This issue was brought up by a report that Berlin had blocked Estonia from supplying German howitzers to Kyiv in order to defend itself against Russian troops en masse near the Ukrainian border.
Dmytro Kuleba, Ukrainian Foreign Minister, stated on Twitter that Germany's position on arms supplies "does not correspond to the level and security situation of our relations."
Monday's Berlin press conference saw Olaf Scholz, German Chancellor, deny that a decision was made regarding the howitzers. He said that his country stood with NATO and European Union allies against any Russian invasion into Ukraine.
He said to reporters, "Should such a situation occur, we would jointly act." "There would have to be a very high price."
While Germany will continue to help Ukraine, he stated that one exception would be made: "We don’t provide any lethal arms."
Some Germans are worried that Germany may no longer be considered a reliable partner because of this stance. It was criticized in Kyiv, and less so in London and Washington.
"How many Berliners are aware of how our confusing Ukraine policy harms not only (Germany), but also the whole EU?" asked Wolfgang Ischinger. He is the former German ambassador to the United States, and the head of the annual Munich Security Conference.
Experts believe that Germany's current position is partially due to its terrible history of aggression in the 20th century.
"There is the obvious legacy of Germany's militarization of Europe during the two world wars, which has led many German leaders see any military response only as a last resort," Rachel Ellehuus (deputy director, Europe, Russia and Eurasia) at the Washington-based Center for Strategic and International Studies.
She said that this attitude could backfire. "The current government doesn't seem to understand that sending defensive weapons in Ukraine could actually deter Russian aggression."
While Germany has cited its past restrictive position on arms exports from conflict zones, analysts claim that the rule has not always been applied.
Sabine Fischer, a top Russia expert at The German Institute for International and Security Affairs, stated that there have been "always been borderline cases" in these areas, including the Kosovo war and support for the Kurds to defeat IS in Syria.
After being criticized at home and abroad for remarks he made about Russia and Ukraine, the German Navy's head resigned. At an Indian event, Vice Admiral Kay-Achim Schoenbach stated that it was crucial to have Russia on the side against China. He also suggested that Russian President Vladimir Putin deserved respect.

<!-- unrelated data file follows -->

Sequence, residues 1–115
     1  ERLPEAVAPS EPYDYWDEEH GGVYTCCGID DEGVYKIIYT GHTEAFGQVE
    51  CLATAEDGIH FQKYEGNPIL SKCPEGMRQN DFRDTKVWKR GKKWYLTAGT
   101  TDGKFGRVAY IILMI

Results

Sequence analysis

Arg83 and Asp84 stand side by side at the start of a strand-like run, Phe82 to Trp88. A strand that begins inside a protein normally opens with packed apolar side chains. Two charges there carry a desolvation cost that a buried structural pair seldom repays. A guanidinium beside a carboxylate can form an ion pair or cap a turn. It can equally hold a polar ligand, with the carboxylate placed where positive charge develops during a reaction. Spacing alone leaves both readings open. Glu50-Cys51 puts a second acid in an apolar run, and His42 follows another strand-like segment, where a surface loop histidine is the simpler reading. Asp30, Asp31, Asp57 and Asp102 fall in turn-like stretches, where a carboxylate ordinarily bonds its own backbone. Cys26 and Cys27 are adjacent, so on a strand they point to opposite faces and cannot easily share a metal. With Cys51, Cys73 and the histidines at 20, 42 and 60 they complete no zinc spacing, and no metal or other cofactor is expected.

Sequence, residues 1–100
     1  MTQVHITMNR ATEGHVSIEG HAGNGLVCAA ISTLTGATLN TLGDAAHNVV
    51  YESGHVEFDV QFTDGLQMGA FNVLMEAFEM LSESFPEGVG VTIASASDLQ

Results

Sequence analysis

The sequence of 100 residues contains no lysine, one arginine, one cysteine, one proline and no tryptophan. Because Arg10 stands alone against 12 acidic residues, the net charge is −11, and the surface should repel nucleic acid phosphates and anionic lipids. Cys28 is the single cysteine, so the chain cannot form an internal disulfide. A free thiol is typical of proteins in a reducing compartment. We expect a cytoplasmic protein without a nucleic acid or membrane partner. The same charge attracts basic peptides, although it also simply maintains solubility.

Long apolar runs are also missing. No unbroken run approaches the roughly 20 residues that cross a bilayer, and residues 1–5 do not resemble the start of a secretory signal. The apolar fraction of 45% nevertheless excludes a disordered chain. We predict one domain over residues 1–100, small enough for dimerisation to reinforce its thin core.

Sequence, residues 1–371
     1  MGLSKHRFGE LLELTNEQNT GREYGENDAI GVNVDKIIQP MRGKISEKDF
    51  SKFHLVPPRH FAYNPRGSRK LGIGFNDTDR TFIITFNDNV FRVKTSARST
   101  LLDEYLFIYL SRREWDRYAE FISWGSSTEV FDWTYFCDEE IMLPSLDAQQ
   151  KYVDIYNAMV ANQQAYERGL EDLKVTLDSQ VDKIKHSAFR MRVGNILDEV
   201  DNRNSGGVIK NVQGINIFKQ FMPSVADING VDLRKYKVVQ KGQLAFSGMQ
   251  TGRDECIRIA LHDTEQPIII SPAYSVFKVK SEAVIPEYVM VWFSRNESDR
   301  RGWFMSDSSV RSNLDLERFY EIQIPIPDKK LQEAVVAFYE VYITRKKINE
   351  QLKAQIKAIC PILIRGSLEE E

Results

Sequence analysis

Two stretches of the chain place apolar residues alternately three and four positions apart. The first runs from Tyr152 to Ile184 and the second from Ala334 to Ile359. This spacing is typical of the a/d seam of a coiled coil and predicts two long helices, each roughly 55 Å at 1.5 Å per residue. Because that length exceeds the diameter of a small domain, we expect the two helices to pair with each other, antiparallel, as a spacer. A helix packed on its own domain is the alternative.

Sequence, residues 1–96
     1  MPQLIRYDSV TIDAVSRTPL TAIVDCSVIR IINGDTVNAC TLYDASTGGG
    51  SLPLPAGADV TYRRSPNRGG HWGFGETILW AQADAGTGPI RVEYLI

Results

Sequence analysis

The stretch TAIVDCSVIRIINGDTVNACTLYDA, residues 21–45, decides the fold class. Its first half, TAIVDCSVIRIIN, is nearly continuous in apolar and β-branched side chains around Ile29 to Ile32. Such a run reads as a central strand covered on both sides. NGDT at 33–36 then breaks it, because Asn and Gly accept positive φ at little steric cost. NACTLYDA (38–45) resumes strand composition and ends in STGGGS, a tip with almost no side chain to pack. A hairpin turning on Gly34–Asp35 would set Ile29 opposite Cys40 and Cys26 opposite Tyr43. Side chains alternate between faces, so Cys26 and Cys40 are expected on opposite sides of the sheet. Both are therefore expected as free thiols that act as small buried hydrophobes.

Scholz's Social Democrats, rooted in Willy Brandt's Cold War rapprochement legacy, and the Greens, rooted in a tradition pacifism would be opposed to the idea of arms supplying a non-NATO nation in a conflict between Russia and NATO. It might be possible to compromise by allowing Estonia to transfer the 122-mm D-30 howitzers, which were Soviet-designed, to Ukraine.
Annalena Baerbock, German Foreign Minister, stated that Berlin views Russia's actions with suspicion, leaving aside any concerns about arms exports to Ukraine.
"In the last weeks, more than 100,000 Russian soldiers with tanks and guns have gathered in Ukraine for no apparent reason. It's difficult not to see this as a threat," she stated during a recent Moscow visit.
Baerbock spoke alongside her Russian counterpart, whom she called "dear friend" and acknowledged the "sufferings and destruction that the Germans caused to the peoples of Soviet Union" during Nazi times. However, she warned that Germany is prepared to take tough measures if Russia does something against Ukraine.
This includes putting into question the future Nord Stream 2 pipeline, which is meant to transport much-needed natural gas from Russia and Germany.
Germany would also be paying a steep price if it made such a move against its largest energy supplier.
According to Georg Zachmann, a senior fellow of the Bruegel economic think-tank in Brussels, Germany will increase its dependence on gas until there is enough renewable energy. This is because it plans to shut down its three last nuclear power plants and eliminate coal use by 2030.
German officials think that Russia's large customer base can help them gain leverage. Moscow doesn't want to lose its reputation for being reliable suppliers of gas over the decades.
Baerbock spoke Monday at a meeting in Brussels of EU foreign ministers. He stated that the German government's priority was to deescalate Ukraine's situation, to dampen allies' calls to support Kyiv, and to impose swift new sanctions on Moscow.
Fischer stated that Berlin will need to respond to the criticisms coming from Washington, Ukraine and other European countries. "At the very same time, Germany continues to be an important player in negotiations surrounding the Russian-Ukrainian Conflict and, I predict that, will continue supporting sanctions and other measures in future."